Gibbons will face state Treasurer Josh Mandel in the primary next year. Mandel, who was the 2012 GOP nominee, is the favorite of the party's hard-right fringe, but has spurred some elite party members to look for an alternative, which could give Gibbons an opening. However, no well-known Republicans have stepped up to challenge Mandel, he's a prodigious fundraiser, and he recently garnered the backing of GOP Sen. Rob Portman. Combined with Mandel's existing name recognition from his three previous statewide campaigns, Gibbons certainly has his work cut out for himself.
● WV-Sen: GOP Rep. David McKinley's brief flirtation with a Senate run ended this week after he announced that he would stay out. Right now, fellow Rep. Evan Jenkins is the only notable Republican challenging Democratic Sen. Joe Manchin, but the The State Journal writes that Attorney General Patrick Morrisey is "expected" to get in.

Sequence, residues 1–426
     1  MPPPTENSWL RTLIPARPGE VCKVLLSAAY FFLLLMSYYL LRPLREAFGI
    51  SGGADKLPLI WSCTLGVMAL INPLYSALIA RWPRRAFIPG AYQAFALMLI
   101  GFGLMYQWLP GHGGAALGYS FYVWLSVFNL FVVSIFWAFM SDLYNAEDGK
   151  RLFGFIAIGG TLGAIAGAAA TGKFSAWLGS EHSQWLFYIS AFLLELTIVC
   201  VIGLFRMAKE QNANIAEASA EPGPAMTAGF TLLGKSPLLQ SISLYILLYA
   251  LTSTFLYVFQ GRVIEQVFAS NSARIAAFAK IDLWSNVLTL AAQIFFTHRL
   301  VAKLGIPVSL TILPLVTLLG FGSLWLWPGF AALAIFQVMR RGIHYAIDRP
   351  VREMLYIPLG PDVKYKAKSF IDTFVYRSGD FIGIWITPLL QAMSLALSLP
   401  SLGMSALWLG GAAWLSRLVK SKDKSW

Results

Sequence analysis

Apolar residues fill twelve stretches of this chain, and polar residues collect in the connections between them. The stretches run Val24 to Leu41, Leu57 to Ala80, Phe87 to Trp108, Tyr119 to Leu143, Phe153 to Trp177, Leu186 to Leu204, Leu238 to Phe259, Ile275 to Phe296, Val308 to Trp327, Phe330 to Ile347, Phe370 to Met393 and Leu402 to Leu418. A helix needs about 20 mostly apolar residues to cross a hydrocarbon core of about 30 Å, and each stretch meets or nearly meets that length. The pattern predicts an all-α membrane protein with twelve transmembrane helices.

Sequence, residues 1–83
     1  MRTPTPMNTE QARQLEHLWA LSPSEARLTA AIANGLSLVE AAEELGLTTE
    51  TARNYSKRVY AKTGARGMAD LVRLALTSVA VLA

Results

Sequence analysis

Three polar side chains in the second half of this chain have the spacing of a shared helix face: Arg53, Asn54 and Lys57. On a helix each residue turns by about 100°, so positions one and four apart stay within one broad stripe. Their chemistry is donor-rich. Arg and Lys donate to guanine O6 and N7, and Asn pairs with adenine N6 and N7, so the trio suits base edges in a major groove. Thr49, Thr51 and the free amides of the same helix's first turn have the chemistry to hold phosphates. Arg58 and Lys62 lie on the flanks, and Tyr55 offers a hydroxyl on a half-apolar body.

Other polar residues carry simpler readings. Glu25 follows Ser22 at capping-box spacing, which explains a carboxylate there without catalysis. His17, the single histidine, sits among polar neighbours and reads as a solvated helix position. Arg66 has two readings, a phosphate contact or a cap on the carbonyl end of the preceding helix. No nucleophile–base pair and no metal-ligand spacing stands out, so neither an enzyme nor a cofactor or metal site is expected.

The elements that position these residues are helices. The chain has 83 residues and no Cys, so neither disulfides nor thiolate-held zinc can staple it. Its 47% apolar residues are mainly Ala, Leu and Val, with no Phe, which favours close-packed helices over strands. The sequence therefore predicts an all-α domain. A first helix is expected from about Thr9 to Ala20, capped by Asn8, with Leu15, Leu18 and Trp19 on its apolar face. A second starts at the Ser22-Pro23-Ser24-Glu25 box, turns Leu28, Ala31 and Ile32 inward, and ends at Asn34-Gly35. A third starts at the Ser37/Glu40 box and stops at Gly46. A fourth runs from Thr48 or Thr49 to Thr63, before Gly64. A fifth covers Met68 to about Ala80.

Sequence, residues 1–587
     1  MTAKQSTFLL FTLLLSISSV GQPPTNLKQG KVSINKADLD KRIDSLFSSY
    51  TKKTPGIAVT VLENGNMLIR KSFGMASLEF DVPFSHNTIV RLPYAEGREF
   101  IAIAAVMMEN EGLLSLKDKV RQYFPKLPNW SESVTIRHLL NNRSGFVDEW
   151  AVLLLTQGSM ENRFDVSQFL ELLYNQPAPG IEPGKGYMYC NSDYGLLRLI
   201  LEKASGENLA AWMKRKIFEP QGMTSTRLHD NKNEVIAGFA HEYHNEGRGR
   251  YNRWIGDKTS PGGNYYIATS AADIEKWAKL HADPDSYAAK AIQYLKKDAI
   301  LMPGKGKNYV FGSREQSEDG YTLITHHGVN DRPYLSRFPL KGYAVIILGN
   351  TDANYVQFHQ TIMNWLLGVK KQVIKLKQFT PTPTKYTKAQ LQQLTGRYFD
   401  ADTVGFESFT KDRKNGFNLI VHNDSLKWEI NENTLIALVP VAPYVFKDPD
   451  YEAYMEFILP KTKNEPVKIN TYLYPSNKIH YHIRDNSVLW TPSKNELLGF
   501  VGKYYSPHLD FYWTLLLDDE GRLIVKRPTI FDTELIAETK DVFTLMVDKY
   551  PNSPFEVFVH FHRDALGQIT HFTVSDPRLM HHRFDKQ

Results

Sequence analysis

● FL-Gov: We can cross one Democrat off the list of prospective candidates for governor in 2018 after state Sen. Jeremy Ring announced he would run for chief financial officer instead. Ring didn't seem very likely to run for governor and hadn't generated much buzz since last November. His decision to stay out of the race leaves former Rep. Gwen Graham, Tallahassee Mayor Andrew Gillum, and real estate company owner Chris King as the only noteworthy Democrats to have launched a gubernatorial campaign so far, although a handful of others are considering it.
● GA-Gov: Democratic state House Minority Leader Stacey Abrams seems to have finally picked a date for the much-anticipated launch of her likely candidacy for the open governor's office in 2018. Abrams will host a barbecue at 3 PM ET on Saturday where she is expected to announce her intentions; she previously filed paperwork to establish a campaign committee early in May while she explored a bid.